Viktor Bout speaks of time in US prison and his ‘value’ to Russia
In an exclusive interview with RT, Russian businessman Viktor Bout said he does not believe he is of any particular value to the Russian government.
Bout was released on Thursday as part of Russia-US prisoner exchange, after spending more than 14 years behind bars, of which 12 were spent in US prisons, on arms trafficking charges.
He said there are “probably thousands and thousands and thousands” of cases like his in Russian history, and that he was merely caught up in the gears of geopolitics. Bout was commenting on claims in Western media that his release was of particular importance to Russian President Vladimir Putin.
Bout credited his release to “the support of you all” at home and the notion that as Russians “we don’t leave our own behind”.
The businessman was taken into custody in 2008 after a sting operation in Thailand, and in 2012 was convicted by a US court for illegal arms dealing.
He was interviewed for RT by Maria Butina, a Russian gun rights advocate, who also served a prison term in the US. She was caught up in the Russiagate scandal in 2018, and convicted of acting as an unregistered foreign agent in the US. In the interview, Bout noted the similarity between his case and Butina’s.
When asked if he considered himself a victim of Russophobia, Bout said he didn’t like the term, and stressed that he did not experience any discrimination for being Russian, either from inmates or staff at the federal prison near Marion in Williamson County, Illinois.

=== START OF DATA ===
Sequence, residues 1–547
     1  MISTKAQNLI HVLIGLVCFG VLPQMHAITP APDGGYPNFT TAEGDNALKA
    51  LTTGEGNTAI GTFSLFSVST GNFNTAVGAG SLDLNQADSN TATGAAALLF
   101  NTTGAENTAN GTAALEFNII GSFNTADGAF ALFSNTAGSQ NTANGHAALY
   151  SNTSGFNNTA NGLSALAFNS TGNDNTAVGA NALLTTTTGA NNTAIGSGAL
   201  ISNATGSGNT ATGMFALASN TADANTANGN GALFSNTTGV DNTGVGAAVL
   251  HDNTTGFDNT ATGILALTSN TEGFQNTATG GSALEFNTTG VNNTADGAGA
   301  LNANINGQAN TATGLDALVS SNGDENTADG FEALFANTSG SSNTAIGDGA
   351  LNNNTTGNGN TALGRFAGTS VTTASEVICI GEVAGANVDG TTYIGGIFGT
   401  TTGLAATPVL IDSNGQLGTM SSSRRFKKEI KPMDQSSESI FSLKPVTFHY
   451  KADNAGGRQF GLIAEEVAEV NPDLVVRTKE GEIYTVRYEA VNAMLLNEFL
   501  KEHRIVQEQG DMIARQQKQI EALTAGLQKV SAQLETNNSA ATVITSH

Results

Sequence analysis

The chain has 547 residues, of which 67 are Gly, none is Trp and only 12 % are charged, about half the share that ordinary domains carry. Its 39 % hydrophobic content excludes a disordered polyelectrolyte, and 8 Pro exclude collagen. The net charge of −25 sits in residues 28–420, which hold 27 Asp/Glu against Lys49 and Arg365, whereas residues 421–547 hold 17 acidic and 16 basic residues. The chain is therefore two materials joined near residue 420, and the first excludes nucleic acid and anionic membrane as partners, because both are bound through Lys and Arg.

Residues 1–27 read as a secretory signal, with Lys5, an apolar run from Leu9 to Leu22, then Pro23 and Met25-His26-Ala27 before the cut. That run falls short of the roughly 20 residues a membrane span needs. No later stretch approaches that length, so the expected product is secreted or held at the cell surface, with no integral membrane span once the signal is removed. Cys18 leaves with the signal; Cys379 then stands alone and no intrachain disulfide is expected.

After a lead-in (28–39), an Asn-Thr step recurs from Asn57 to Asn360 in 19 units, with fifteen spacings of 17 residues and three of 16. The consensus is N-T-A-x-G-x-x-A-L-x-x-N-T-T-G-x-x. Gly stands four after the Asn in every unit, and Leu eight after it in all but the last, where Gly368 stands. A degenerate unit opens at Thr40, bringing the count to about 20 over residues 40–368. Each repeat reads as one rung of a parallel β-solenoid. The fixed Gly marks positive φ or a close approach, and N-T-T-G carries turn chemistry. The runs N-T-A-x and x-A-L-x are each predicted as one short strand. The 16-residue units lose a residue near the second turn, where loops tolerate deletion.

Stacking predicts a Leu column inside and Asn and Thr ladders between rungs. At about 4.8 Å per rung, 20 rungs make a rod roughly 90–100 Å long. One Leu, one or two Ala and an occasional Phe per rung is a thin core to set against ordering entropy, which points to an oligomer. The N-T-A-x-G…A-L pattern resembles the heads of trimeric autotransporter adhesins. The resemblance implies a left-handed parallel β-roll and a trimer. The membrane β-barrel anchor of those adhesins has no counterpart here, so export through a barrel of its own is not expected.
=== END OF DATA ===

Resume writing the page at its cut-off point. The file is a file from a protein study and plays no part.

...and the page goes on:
“Mostly my fellow inmates were sympathetic towards Russia. Or at least, if they knew nothing about it, they would ask me questions,” he said. Bout linked their attitude to Illinois being a “red belt” state.
Some US politicians have criticized Bout’s exchange for basketball player Brittney Griner, saying it showed weakness on Washington’s part, and undermined the country’s position. Bout himself ridiculed that notion, saying such comments were reducing politics to the level of schoolyard rivalries.
“I am certain that our leadership does not think in those terms, whether you are weak or not. Real strength doesn’t require expression on such a, frankly, cheap level. I believe the deal happened because some common ground was found that allowed both sides to be satisfied,” he said.
Bout stressed that he does not want to think about how his life could have turned out if he had not been imprisoned, or to hold a grudge. After experiencing difficulty, you have to “clench your teeth” and stick to what is true, he said.
He acknowledged that years spent in US custody have taken their toll, and he now occasionally struggles to find the right words when speaking Russian. However, he stressed that the most important thing is that he can now be back with his wife, Alla.